Activity trackers, whether standalone devices like the Fitbit or as a feature of other wearables like Apple Watch, are a popular health and fitness trend among consumers, and scientists and doctors have increasingly been using activity trackers in their research or to monitor patients away from the office. But a new study published last week in PloS-One suggests – not for the first time – that these devices aren’t as reliable as they claim.
European researchers recruited 15 healthy men and women (all white) to cycle on a stationary bike for 10 minutes. As they cycled, their heart rate was measured by the Fitbit Charge 2, one of the company’s most recently released products, as well as by an electrocardiograph (ECG) machine. ECGs measure the electrical activity of a heartbeat via electrodes placed near the heart, and are considered the gold standard for heart rate measurement.
The researchers found heart rate measurements taken by the Fitbit Charge 2 were routinely different than those taken by the ECG. The average heart rate recorded by the Fitbit was around 6 beats per minutes (BPM) slower than the average collected by ECG. But some individual measurements overestimated the ECG by as much as 16.8 BPM, and underestimated the ECG by as much as 28.5 BPM.
The study is the latest to indicate activity trackers aren’t doing a great job at measuring at least some kinds of activity. The researchers cite small studies that have found older trackers can underestimate an ECG reading on average by anywhere from 2.5 BPM to 9.3 BPM. Other studies have also found trackers can underestimate calories burned during exercise, too.
Though Fitbit’s specific algorithm for tracking heart rate is a trade secret, they and other activity trackers generally rely on measuring how light is differently absorbed by the skin as blood flows underneath it, which is known as a photoplethysmogram (PPG). While PPGs are an accurate, low-cost method for measuring someone’s resting heart rate, the researchers and others argue that they start to flounder when measuring someone in the middle of moderate to intensive exercise.
Other researchers have argued back that these performance lags, even if real, are relatively minor and still represent a significant improvement over past consumer devices that measure heart rate.
In 2016, Fitbit was hit by a class-action lawsuit, filed by lawyers from the legal firm Lieff Cabraser. The lawsuit argued that the alleged inaccuracy of Fitbit’s Charge and Surge device was grounds for “economic injury” and could even be dangerous for people who mistakenly push themselves too far while exercising. Fitbit has said the lawsuit has no merit, while also stating that its products aren’t meant to be used as medical devices.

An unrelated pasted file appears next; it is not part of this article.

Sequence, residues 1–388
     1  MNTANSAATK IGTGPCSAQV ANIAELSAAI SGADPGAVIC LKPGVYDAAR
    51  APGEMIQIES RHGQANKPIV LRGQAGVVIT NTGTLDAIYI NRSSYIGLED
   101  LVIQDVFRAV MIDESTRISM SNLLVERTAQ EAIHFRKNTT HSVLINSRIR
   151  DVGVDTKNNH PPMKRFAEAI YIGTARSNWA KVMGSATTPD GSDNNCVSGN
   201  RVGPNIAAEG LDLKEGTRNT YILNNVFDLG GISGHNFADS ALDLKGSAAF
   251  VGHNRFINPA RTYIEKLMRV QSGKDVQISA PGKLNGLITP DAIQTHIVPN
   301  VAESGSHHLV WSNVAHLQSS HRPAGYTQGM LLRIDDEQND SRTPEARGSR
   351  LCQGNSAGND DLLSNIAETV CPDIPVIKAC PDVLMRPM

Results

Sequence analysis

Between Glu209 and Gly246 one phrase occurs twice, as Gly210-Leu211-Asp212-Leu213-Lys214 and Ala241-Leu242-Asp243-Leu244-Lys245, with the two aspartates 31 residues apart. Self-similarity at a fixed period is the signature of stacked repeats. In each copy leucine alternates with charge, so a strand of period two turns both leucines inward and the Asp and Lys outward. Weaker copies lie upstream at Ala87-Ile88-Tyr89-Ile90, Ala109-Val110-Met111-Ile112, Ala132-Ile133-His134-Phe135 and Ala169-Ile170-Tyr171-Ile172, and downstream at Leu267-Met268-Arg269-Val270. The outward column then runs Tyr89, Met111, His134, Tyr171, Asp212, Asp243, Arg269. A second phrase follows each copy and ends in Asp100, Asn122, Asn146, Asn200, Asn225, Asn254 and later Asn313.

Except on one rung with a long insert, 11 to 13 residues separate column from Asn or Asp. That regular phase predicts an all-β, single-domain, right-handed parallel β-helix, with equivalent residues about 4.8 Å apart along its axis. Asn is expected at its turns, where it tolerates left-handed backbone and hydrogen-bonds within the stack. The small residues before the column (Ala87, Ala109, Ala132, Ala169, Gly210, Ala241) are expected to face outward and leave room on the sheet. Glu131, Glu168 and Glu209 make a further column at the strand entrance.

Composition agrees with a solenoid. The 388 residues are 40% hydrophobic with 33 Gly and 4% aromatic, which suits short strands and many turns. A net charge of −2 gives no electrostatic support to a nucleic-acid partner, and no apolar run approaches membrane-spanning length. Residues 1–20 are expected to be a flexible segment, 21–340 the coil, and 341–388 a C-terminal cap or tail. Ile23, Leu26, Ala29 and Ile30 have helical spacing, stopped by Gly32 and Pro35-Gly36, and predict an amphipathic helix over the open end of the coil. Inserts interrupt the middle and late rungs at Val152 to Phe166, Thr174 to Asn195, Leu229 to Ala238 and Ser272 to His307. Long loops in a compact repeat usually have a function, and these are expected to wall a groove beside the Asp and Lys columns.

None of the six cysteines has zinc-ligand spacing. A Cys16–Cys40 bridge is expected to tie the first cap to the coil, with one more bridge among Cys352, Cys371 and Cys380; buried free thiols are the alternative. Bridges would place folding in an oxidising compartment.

“This appears to be another study commissioned by Lieff Cabraser, the plaintiff’s lawyers who are suing Fitbit, which casts serious doubts into the study’s inherent bias in terms of design methodology and interpretation of the findings,” Fitbit said in a statement to Gizmodo, citing a press release issued by the firm touting the study findings.
Lieff Cabraser did commission a 2016 study from California State Polytechnic University that found the earlier Fitbit Charge underestimated ECGs by 10 per cent when measuring users whose heart rates jumped past 132 BPM. But Jonathan Selbin, one of the attorneys involved in the lawsuit, told Gizmodo that the law firm was not involved in the new study.
“Zero, zippo, zilch. We had nothing to do with it at all. The journal forwarded us a copy because they thought we’d be interested given our lawsuit,” Selbin said via email.
The statement from Fitbit added, “We stand behind our heart-rate monitoring technology and all our products. Fitbit is the most trusted wearable by scientists and clinical researchers across the world and, to date, more than 500 published studies have utilised a Fitbit device, which is more than any other consumer wearable brand.”
Simone Benedetto*, lead author of this study and a user experience researcher at the TSW Experience Lab in Italy, says the reason why he felt compelled to perform his research in the first place was because of his own experience with the product. “I used the device and realised it did not perform so well,” he told Gizmodo via email.
“These devices measure a vital parameter, which is heart rate,” said Benedetto. “[W]e cannot play with it… the accuracy is crucial!”
He said that while the TSW Experience Lab provided the team with research materials, she reiterates it had no role in the study design or their decision to publish the findings. He also denied that Lieff Cabraser provided him with any funding, calling Fitbit’s claim “ridiculous.”
“Many people who bought these devices mistrust them as well as many others employing PPG,” he said. “We simply provided scientific evidence regarding its accuracy.”
According to Selbin, the law firm is still pursuing its civil case against Fitbit, on behalf of plaintiffs who have opted out of an arbitration clause with the company.
The researchers, in their paper, say they plan to pursue larger trials that will test a variety of activity trackers currently on the market.
*This article previously referred to Simone Benedetto using female pronounces, but Benedetto is in fact male. We regret the error.